Labour education spokesman Des McNulty told MSPs on 14 January 2010 that there should be a zero tolerance policy on illiteracy in Scotland.
He called for a literacy action plan to be brought forward immediately.
The Literacy Commission recently said the number of people in Scotland struggling to read and write may be approaching one million.
It also said 13,000 children in Scotland leave primary school without being functionally literate.
Education Secretary Michael Russell welcomed the report from the Literary Commission and said the government was committed to raising the standards of literacy at every level.
MSPs voted unanimously to pass the amended motion, from Mr McNulty, at decision time.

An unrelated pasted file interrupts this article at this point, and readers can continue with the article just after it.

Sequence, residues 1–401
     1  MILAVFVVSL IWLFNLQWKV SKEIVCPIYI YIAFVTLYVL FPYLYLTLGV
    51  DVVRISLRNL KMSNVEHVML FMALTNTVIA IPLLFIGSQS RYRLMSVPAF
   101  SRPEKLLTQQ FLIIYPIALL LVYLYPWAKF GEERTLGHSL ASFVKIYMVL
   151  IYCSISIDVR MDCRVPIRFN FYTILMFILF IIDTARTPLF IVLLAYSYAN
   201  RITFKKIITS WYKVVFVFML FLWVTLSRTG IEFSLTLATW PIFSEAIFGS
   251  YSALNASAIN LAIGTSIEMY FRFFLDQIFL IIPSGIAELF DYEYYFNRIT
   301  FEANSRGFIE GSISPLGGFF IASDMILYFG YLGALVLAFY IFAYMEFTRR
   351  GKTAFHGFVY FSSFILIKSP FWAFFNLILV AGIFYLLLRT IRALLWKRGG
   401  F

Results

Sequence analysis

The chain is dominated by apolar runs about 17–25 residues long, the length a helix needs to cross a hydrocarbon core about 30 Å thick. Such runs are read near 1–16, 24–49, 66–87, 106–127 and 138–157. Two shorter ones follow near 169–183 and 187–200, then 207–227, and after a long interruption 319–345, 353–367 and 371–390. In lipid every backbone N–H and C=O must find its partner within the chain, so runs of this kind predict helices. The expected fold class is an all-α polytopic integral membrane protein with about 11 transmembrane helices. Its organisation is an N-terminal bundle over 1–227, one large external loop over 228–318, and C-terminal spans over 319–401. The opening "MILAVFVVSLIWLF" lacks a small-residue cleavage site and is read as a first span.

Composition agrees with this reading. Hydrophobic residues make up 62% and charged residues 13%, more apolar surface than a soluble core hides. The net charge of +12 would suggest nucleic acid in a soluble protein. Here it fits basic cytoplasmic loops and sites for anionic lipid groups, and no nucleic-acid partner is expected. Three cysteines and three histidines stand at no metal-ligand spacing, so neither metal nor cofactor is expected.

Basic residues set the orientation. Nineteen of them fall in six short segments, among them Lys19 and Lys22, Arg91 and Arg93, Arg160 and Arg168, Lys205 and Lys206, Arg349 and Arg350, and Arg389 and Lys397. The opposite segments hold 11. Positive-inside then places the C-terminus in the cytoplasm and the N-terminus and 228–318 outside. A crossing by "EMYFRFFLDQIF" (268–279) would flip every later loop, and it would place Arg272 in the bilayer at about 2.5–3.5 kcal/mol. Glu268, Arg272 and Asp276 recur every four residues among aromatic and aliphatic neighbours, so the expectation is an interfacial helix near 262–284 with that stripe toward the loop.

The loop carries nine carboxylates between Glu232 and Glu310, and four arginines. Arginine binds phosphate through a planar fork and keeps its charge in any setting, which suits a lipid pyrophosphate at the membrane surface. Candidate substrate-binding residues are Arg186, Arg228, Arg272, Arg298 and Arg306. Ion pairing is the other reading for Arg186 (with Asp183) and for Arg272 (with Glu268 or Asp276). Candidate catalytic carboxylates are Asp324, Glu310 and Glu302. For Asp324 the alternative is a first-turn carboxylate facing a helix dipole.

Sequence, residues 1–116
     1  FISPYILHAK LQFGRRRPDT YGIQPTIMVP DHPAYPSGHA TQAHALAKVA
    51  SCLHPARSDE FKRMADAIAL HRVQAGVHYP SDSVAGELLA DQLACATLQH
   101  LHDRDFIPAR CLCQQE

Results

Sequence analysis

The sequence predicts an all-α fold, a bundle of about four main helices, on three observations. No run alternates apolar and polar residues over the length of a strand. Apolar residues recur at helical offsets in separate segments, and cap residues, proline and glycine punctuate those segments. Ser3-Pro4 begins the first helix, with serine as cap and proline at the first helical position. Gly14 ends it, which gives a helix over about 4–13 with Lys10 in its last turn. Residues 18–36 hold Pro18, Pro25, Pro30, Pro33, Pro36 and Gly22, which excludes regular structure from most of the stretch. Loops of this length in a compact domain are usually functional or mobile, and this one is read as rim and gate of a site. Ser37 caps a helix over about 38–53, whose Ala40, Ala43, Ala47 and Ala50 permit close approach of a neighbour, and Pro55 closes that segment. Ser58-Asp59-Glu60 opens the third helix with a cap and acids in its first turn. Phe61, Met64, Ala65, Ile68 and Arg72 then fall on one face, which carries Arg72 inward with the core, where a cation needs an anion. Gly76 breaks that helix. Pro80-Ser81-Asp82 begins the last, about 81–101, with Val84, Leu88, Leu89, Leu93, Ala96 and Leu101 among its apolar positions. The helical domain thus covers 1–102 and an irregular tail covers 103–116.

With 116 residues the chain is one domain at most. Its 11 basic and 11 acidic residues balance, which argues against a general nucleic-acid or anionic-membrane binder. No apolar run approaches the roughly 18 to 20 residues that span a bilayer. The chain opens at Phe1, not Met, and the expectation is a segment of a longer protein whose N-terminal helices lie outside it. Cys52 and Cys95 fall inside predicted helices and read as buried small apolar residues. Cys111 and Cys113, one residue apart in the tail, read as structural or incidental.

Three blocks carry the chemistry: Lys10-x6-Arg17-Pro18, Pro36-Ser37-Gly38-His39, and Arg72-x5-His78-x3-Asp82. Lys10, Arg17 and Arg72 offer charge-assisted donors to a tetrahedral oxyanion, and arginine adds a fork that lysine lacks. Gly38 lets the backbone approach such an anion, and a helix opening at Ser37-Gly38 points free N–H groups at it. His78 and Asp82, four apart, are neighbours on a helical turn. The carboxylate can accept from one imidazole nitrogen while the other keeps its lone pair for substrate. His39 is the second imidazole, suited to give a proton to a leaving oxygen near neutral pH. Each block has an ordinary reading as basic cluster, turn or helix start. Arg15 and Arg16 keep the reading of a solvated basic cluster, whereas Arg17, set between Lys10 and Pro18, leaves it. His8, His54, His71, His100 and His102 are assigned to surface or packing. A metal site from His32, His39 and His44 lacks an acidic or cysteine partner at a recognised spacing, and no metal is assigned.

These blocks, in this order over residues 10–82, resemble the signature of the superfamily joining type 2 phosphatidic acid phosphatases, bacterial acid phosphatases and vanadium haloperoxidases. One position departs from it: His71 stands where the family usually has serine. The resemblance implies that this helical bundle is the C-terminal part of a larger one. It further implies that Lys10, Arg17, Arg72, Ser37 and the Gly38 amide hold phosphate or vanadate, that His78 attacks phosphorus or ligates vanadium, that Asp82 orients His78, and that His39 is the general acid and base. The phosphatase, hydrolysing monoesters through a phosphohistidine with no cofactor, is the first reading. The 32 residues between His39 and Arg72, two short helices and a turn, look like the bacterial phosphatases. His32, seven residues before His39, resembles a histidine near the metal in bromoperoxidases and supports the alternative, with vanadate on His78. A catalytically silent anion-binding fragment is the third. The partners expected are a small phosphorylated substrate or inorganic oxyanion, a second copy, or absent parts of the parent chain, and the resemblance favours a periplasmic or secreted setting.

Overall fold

Mr Russell's amendment, which stated that the plan could be delivered within the framework of the Curriculum for Excellence, was passed unanimously.
As was the amendment from the Scottish Liberal Democrat MSP Margaret Smith, which called for benefits from the literacy action plan to be felt all over Scotland.
Scottish Conservative MSP Elizabeth Smith saw her amendment fall, with 102 MSPs voting against it and 15 voting for it.
It called for the testing of literacy and numeracy skills in primary seven.